When using color shift, it’s a good idea to be mindful of which colors are opposing each other. Do not forget that by tinting the object with one, which we then “subtract”, we achieve the addition of contrasting colors to the frame. If it is not clear, remember that the green filter, in this case, will add magenta to the frame, yellow – blue. Orange, as a hybrid of red and yellow, will add green and blue (note that we have quite a lot of red in the face, but the background has become pure blue).
By the way, it is highly desirable to use a test target (as Sergei Rodionov said at the seminar), as well as a preset BB, on it, so that later you don’t have to guess what color the face was.
So, you can always use color shift, as long as you personally (and your viewers) don’t get tired of it. But more often than not, have a goal in front of you in advance. Goals can be different:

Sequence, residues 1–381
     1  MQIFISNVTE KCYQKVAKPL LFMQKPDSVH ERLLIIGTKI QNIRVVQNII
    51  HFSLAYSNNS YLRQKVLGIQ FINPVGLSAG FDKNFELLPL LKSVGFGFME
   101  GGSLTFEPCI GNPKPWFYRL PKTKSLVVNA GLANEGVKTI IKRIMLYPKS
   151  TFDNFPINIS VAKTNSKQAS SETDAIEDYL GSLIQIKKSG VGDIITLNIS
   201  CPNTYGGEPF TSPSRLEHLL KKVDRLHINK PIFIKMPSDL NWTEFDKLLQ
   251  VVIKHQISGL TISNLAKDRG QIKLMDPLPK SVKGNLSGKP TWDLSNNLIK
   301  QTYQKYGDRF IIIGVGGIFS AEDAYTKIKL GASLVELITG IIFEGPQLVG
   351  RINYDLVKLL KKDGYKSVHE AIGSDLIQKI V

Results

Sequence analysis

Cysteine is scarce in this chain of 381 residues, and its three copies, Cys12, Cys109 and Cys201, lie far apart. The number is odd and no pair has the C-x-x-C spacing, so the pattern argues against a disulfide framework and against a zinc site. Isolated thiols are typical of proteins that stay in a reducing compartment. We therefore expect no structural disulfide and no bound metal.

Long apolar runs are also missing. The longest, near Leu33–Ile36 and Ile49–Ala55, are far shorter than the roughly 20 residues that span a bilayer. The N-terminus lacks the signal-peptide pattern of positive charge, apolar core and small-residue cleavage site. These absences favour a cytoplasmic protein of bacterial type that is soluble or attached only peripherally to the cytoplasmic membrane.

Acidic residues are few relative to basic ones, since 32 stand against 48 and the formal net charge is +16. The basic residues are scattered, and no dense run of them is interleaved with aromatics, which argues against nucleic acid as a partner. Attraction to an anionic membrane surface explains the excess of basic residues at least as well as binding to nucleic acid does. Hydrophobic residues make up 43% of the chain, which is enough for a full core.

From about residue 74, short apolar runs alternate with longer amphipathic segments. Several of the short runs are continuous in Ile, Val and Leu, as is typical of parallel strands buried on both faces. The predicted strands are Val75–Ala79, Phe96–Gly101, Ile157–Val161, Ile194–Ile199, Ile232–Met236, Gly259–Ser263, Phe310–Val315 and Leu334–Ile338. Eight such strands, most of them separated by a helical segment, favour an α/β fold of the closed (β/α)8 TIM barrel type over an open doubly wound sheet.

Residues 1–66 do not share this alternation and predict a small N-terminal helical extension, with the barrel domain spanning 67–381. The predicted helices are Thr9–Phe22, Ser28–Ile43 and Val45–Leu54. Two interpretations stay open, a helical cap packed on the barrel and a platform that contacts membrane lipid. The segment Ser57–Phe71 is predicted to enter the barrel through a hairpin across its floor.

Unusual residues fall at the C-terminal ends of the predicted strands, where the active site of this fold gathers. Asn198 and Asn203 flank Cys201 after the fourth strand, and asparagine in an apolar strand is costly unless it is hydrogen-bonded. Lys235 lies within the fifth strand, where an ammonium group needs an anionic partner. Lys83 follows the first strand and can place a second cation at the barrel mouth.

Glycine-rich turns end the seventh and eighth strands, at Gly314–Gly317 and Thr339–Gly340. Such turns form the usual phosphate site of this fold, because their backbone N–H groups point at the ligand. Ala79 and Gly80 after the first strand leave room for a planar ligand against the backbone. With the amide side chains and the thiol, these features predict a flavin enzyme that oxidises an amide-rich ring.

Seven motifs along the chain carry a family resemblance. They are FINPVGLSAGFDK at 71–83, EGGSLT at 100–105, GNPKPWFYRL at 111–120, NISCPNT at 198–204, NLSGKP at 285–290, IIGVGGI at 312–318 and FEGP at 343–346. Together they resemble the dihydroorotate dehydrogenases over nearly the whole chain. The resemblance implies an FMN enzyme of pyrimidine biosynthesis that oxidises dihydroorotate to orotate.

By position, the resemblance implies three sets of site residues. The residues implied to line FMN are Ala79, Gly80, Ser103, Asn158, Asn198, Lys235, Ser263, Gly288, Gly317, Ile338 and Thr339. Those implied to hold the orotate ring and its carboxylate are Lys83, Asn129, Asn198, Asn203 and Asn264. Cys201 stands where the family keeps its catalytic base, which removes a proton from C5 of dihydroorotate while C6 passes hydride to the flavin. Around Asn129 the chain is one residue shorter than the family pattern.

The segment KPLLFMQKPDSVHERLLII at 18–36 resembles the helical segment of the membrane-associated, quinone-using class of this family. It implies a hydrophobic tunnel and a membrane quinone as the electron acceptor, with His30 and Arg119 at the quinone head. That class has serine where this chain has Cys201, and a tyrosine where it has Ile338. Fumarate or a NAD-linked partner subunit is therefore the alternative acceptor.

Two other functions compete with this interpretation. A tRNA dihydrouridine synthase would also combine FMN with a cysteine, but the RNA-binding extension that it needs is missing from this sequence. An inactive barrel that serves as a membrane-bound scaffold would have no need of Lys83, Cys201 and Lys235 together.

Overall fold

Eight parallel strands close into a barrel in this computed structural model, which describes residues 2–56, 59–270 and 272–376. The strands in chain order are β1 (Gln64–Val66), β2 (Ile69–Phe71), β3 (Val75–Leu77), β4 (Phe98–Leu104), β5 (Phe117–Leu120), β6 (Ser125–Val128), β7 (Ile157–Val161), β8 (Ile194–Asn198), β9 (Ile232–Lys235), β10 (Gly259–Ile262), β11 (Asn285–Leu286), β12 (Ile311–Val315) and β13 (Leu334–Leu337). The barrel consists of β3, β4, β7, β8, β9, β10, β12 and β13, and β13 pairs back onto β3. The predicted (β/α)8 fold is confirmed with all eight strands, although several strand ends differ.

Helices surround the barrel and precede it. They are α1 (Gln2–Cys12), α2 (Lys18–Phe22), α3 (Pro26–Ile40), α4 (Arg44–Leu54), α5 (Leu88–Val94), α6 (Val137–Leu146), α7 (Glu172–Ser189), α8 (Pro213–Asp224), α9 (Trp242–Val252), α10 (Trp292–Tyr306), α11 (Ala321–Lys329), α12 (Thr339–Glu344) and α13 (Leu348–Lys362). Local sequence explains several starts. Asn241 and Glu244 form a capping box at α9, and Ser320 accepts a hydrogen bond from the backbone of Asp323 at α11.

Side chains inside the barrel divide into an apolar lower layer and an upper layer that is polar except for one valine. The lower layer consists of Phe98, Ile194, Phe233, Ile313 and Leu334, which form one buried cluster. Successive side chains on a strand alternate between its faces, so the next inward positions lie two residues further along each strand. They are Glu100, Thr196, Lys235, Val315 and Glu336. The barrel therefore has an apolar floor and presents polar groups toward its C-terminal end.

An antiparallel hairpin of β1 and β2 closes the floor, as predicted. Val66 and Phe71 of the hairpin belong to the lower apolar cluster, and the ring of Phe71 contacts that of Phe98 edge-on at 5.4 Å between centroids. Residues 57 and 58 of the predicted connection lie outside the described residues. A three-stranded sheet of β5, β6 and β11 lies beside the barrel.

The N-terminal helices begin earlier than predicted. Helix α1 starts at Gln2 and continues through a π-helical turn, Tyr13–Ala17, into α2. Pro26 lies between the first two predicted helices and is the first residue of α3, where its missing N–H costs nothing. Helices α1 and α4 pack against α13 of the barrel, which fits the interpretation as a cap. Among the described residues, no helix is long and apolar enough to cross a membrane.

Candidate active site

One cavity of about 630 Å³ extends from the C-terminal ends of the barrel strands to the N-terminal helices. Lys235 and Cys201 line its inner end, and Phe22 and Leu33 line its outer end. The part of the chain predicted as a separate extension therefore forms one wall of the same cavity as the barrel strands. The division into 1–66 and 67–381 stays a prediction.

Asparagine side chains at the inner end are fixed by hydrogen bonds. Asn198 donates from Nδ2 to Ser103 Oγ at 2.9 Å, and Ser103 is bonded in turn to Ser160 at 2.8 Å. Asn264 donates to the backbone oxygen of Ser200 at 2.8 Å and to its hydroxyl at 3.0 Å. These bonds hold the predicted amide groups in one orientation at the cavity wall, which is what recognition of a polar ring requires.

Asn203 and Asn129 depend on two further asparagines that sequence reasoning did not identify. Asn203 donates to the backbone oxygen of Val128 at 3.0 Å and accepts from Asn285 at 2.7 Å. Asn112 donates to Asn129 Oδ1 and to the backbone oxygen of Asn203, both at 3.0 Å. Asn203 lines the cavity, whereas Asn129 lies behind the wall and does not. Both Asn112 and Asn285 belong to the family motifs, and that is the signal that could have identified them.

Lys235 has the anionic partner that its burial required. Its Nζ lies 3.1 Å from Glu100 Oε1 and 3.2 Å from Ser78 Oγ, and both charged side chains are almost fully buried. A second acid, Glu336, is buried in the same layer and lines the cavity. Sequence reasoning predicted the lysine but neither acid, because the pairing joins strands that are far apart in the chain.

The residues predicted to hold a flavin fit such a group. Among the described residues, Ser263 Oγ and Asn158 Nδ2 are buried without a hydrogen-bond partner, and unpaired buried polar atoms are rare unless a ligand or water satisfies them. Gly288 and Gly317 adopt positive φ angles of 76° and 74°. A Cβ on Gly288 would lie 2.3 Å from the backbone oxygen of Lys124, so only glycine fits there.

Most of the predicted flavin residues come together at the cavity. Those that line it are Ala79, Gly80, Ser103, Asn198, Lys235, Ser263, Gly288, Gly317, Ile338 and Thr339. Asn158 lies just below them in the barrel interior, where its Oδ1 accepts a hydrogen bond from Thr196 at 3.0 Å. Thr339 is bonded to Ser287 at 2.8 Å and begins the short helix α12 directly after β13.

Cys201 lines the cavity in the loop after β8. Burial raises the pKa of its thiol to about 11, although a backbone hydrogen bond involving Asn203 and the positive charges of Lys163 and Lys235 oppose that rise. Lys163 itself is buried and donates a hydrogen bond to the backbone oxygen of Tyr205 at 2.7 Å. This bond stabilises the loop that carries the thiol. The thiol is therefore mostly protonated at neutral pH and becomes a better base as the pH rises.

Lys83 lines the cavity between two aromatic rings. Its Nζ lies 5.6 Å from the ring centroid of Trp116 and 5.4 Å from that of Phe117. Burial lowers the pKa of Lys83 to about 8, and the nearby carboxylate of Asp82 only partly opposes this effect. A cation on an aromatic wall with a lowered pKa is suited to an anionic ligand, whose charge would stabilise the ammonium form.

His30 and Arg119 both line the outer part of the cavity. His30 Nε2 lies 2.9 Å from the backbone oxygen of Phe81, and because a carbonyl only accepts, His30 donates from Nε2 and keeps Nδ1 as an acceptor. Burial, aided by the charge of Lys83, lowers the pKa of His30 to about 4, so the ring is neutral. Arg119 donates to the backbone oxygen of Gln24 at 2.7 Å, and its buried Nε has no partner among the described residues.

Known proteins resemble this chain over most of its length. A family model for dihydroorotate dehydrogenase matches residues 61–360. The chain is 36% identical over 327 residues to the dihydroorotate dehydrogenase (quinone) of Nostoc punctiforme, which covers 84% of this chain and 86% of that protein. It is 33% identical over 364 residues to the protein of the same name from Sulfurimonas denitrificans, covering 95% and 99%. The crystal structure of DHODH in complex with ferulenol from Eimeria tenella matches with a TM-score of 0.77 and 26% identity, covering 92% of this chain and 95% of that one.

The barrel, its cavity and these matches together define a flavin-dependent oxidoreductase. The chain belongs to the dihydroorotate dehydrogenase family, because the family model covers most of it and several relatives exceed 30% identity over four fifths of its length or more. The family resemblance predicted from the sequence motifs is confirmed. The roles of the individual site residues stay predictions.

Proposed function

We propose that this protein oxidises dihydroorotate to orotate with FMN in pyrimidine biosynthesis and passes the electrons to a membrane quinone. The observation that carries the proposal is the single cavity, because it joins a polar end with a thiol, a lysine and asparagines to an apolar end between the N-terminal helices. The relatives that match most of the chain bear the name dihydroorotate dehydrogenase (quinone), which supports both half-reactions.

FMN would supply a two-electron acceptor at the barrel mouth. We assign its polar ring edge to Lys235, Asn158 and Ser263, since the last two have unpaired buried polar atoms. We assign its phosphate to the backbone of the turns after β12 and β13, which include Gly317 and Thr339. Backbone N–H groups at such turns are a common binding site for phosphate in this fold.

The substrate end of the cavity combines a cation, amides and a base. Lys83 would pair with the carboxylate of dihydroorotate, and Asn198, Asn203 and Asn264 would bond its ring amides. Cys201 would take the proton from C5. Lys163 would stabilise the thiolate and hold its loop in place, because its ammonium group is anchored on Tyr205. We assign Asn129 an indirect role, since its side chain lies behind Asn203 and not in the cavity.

You are not satisfied with the background that you want to somehow diversify (our case with gray).
You want to shoot your subject against an interesting pre-sunset background that’s not bad, but you want to change the colors.
You are simply annoyed by the standard color, you want to change something in the surroundings.
You like glitchy colors that you are ready to achieve in any way.